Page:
Grand Unification may be a dead-end for Physics (Synopsis)

"Even if there is only one possible unified theory, it is just a set of rules and equations. What is it that breathes fire into the equations and makes a universe for them to describe?" -Stephen Hawking

One of the greatest discoveries of the 20th centuries was not only that there were just four fundamental forces describing all of nature, but that two of them — the electromagnetic and the weak force — unify into a single "electroweak" force at high energies. Given the equivalences between electric charges in the strong nuclear force sector and the electroweak sector, could there be a grand unification between those as well?

The pattern of weak isospins, weak hypercharges, and strong charges for particles in the SU(5) model, also known as the Georgi-Glashow charges. Image credit: Wikimedia Commons user Cjean42 under a c.c.a.-s.a. 3.0 license, created from Garret Lisi’s Elementary Particle Explorer. The pattern of weak isospins, weak hypercharges, and strong charges for particles in the SU(5) model, also known as the Georgi-Glashow charges. Image credit: Wikimedia Commons user Cjean42 under a c.c.a.-s.a. 3.0 license, created from Garret Lisi’s Elementary Particle Explorer.

In a great theoretical development, Grand Unification Theories (GUTs) became all the rage, making bold predictions like additional bosons, flavor-changing neutral currents, and proton decay. But in the more than 30 years since their inception, the ideas of GUTs have all fallen flat, implying the question of whether the entire concept of unifying forces and interactions into larger groups and structures is completely wrongheaded.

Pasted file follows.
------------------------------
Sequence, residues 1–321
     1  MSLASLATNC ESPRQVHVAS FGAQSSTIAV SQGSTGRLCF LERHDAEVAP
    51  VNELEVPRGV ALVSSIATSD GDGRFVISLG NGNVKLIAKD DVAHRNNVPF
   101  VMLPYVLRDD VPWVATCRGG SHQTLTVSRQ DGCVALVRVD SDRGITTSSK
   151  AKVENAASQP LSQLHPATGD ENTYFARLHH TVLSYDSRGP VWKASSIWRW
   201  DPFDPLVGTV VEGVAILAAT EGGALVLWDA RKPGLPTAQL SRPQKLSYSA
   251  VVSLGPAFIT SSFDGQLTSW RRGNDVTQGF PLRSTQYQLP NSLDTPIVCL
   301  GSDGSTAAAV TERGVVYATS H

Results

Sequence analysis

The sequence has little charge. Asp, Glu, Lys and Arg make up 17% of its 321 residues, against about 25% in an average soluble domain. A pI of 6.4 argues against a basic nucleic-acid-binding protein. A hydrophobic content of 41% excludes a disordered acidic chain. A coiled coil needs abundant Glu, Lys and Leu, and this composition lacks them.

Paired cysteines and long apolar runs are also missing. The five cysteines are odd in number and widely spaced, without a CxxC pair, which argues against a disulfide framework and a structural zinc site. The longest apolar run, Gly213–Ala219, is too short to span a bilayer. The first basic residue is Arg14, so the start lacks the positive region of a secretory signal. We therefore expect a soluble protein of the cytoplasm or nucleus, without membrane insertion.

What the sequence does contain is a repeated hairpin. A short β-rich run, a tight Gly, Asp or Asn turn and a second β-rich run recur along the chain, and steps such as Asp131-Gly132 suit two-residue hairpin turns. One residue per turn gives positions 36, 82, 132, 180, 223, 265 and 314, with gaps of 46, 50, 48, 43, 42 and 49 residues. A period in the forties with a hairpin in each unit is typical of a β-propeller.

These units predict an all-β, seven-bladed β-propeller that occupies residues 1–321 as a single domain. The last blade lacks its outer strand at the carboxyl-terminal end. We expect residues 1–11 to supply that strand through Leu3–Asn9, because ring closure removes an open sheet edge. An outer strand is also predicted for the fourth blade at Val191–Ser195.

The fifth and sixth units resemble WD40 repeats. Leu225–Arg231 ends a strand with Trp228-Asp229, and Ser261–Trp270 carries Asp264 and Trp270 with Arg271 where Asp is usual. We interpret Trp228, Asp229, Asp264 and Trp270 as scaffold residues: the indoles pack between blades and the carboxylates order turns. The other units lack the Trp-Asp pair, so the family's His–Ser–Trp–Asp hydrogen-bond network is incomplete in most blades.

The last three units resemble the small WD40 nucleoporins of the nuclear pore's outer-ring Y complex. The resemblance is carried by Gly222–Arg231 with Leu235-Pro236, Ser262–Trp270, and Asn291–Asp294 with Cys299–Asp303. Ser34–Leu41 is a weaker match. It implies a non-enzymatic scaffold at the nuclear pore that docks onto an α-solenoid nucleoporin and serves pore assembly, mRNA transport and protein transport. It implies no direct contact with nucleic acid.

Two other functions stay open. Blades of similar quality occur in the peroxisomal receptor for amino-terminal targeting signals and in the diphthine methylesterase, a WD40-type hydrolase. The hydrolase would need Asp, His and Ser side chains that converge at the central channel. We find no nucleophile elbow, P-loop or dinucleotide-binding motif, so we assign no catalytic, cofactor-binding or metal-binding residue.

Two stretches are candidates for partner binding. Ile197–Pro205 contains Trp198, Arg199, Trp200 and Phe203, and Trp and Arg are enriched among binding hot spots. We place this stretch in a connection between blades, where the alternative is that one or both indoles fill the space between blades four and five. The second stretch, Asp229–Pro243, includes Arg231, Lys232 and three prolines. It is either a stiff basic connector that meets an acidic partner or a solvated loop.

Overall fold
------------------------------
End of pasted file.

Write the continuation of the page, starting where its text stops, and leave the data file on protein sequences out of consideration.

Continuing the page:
The four fundamental forces. Image credit: Wikimedia Commons user Kvr.lohith, under a c.c.a.-s.a. 4.0 international license. The four fundamental forces. Image credit: Wikimedia Commons user Kvr.lohith, under a c.c.a.-s.a. 4.0 international license.

Experiments and measurements don't lie, but it's up to the scientists who work on it to choose to go in a different direction. Perhaps it's truly time.

Tags

More like this

“Your assumptions are your windows on the world. Scrub them off every once in a while, or the light won't come in.” -Isaac Asimov Just like every week, we've had a slew of new stories to share with you here on Starts With A Bang! It's been great fun to put these stories together, to share a new…
“It isn't the mountains ahead to climb that wear you out; it's the pebble in your shoe.” -Muhammad Ali After a week of travel here at Starts With A Bang -- where we appeared at Balticon 50 and had a fantastic time -- it's time to catch up on all the news that the Universe had to offer. That…
“You may hate gravity, but gravity doesn’t care.” –Clayton Christensen If all we had were galactic rotation curves -- like those measured by Vera Rubin -- we would know that something was wrong with our picture of the Universe, but we wouldn’t know how. Two equally good explanations, that there was…
"The law of the conservation of momentum is the basis of the static thrust equation, the law of the conservation of energy is the basis of the dynamic thrust equation. Provided these two fundamental laws of physics are satisfied, there is no reason why the forces inside the resonator should sum to…

Steven Hawking is adding a philosophical bent towards physics? :)

Pardon me. Stephen.

Trying to find the nexus between the electromagnetic force and the strong force seems to get most of the attention, but it is the relationship between the strong force and gravity that I find intriguing.